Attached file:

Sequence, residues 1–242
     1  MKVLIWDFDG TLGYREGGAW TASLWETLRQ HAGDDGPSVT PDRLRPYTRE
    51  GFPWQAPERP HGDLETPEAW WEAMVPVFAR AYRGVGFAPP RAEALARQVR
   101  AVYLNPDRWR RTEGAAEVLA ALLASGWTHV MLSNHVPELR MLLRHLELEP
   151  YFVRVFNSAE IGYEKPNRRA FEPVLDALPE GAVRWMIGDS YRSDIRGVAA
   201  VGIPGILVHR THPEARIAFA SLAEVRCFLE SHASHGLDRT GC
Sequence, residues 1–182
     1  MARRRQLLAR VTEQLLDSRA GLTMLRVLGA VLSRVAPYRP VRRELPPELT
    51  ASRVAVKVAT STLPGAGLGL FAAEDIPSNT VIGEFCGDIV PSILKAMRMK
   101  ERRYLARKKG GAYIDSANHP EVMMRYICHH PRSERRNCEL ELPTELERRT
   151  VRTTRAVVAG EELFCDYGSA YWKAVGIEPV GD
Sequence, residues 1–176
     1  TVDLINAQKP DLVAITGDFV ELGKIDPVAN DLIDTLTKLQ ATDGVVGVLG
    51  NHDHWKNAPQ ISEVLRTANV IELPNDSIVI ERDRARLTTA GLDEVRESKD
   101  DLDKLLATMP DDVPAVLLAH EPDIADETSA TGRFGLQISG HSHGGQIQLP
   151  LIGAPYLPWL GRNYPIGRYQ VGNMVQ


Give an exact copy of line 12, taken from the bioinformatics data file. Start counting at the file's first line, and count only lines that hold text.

Sequence, residues 1–176